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Spam Outbreak Masquerading as Facebook Notification, Discloses Sophos

Security researchers from Sophos the security company are cautioning Facebook members that they require being wary of a fresh spam campaign, which posing as being sent from the social networking website, is hitting their mailboxes.

The e-mail, after offering greetings to the recipient, informs that a friend of his/her has included one fresh photograph with him (or her) into the album. And since that friend has classified the recipient as one intimate pal, he/she is getting the current e-mail. The photograph is given inside a file within an attachment, the e-mail concludes.

Reportedly, the name of the file is "New_Photo_With_You_on_Facebook_PHOTOID[random].zip" with "random" being one auto-generated digit.

The malware, states Sophos that was foremost in spotting the spam outbreak, is Troj/Agent-XNN. With a size 61KB, the malicious program replicates itself onto "C:\Documents and Settings\All Users\svchost.exe" as well as resides on Windows registry pretending to be an updater of Sun Java. This is for making sure that the malware becomes active whenever the computer starts up.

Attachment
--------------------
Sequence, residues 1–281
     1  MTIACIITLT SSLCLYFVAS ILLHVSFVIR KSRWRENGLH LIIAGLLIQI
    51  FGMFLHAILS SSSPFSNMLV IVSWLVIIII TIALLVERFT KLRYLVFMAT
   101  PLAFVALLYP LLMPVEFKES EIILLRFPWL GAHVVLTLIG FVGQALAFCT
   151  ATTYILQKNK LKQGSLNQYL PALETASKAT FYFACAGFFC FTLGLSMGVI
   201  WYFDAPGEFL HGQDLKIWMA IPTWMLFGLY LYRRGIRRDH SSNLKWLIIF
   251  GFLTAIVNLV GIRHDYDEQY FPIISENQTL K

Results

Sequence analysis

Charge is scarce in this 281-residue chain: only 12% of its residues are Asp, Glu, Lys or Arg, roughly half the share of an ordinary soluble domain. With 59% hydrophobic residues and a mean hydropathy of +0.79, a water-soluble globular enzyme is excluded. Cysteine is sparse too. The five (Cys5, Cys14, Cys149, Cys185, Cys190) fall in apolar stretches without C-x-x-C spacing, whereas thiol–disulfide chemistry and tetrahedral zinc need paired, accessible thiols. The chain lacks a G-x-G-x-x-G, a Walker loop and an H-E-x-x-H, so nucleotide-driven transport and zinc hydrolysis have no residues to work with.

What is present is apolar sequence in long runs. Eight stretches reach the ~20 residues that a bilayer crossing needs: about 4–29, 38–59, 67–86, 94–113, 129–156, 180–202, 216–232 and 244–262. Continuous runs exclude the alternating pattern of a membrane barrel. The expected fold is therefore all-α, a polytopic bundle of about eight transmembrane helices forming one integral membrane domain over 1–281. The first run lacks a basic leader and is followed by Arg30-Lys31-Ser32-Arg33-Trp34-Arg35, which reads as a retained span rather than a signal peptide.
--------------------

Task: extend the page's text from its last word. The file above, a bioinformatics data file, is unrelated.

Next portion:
Remarking about this new malware-laced junk e-mail assault, Senior Technology Consultant Graham Cluley at Sophos stated that certainly a lot of individuals who could get so fooled that they'd trust they were in a picture with their friend, and thereafter wished for viewing whether they looked unappealing, plump, or just gorgeous. Nakedsecurity.sophos.com published this in news dated August 28, 2012.

Apparently, because Facebook is so widely used, the social website has become the latest lure as also the switch-over technique by online crooks. Thus, it's imperative that end-users become increasingly wary about Facebook viruses since the latter are chanced to getting increasingly commonplace.

Moreover, following the above discussion, Sophos warns that, in general, people must not view attachments nor follow web-links in e-mails unless they're wholly sure that they recognize the senders.

Meanwhile, in a similar Facebook virus attack against otherwise protected PCs through photo notifications, during July 2012, Sophos detected that the spam mail at that time looked just like the usual photo notification except that the e-mail writer wrongly spelled "Faceboook" instead of "Facebook." Besides, the malware Sophos had identified too was different, since it was "Troj/JSRedir-HW."

Related article: Spam Scam Bags a Scottish Connection

» SPAMfighter News - 9/4/2012

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